When I went through the images to choose for this post, I was struck by the oddity of my boots. I must admit that I don’t think they were a top choice, stylistically speaking. Black boots or even some Docs or brogues probably would have kept the critics happier. But here’s the deal – I don’t always dress for the pursuit of some sort of styled perfection. Sometimes I choose things because they make me feel a certain way. And I needed those boots last Friday.
This look revolves around the dress. It’s an authentic 1990s dress, in a maxi style that’s being re-hashed right now in main-stream fashion. I love the rich rust colour and the bold black dots, and most of all I love the maxi length with floaty pleats.
While black might have been a first choice for accessories, I went for caramel tones. I think this adds colour depth and texture in a way that black can’t. The bag and belt blend so well, and tie in perfectly with the tortoise-shell sunglasses.
Black tights, a black watch and my old faithful black sleeveless coat-dress (with large circular eyelets) keep the black spots connected. I chose to work with the graphic spots by selecting earrings that repeated the form. I liked that they were white – I never like to be too ‘matchy-matchy’, although the gold tones beautifully with the coppery detail of my belt buckle and bag details. In the same vein, my heavy studded off-white boots were a bit of a contrast, chosen based on how I wanted to feel that day. Strong and powerful, inspite of my floaty and feminine dress, and a little bit rebellious too.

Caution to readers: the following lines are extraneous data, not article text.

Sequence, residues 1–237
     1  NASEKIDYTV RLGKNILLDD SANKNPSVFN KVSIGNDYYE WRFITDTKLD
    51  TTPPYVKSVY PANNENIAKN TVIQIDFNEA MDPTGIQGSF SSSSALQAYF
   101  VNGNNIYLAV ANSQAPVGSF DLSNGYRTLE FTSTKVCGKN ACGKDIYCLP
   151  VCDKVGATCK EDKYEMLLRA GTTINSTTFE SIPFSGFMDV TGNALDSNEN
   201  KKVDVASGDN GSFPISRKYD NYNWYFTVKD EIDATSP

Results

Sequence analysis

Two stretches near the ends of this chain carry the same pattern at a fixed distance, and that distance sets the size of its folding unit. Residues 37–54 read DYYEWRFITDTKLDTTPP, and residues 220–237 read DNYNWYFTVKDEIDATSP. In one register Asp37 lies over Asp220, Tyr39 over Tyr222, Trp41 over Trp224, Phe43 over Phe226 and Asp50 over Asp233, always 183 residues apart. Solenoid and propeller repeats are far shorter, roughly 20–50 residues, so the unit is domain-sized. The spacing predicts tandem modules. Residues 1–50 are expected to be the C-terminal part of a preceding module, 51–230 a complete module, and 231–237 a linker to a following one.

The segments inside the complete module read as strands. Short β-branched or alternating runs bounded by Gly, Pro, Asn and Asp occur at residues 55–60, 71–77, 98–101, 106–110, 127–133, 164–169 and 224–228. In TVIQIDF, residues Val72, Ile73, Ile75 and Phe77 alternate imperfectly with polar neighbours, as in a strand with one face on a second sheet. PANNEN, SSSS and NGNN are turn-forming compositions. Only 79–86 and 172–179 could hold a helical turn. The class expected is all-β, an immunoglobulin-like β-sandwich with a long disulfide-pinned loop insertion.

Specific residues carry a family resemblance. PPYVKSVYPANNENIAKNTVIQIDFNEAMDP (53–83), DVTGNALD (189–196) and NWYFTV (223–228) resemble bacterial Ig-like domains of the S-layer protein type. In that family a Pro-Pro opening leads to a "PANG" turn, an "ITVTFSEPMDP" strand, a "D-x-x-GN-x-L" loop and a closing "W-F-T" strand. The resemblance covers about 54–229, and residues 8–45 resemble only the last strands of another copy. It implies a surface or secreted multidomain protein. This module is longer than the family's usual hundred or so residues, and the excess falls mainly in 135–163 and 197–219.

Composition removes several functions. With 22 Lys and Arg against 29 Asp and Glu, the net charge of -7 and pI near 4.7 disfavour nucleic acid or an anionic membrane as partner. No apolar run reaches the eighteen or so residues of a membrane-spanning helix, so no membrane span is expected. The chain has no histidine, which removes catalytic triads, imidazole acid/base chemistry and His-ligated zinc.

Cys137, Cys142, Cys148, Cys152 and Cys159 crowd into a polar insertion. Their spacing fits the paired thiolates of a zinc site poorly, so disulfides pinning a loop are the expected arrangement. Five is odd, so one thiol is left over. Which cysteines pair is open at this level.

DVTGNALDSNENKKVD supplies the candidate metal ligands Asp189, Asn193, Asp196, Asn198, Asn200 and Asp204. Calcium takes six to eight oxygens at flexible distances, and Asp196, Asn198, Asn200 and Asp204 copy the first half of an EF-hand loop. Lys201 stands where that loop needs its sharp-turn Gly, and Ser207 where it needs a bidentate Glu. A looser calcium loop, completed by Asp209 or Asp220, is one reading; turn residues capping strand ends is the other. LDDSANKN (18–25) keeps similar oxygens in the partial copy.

My dress was an exciting treasure that I found at the Richmond Salvation Army Op-shop, quite recently. My bag was also a second-hand find, although I bought it from Nostalgia in Nelson, some years ago now. Both my Karen Walker glasses and Wynn Hamlyn coat were investment pieces bought on Layby from Palm. My jewellery is a mixture of old and new, charity shop and chainstore, with statement earrings by my talented older sister Marita Green (similar ones are available from Craig Potton Gallery).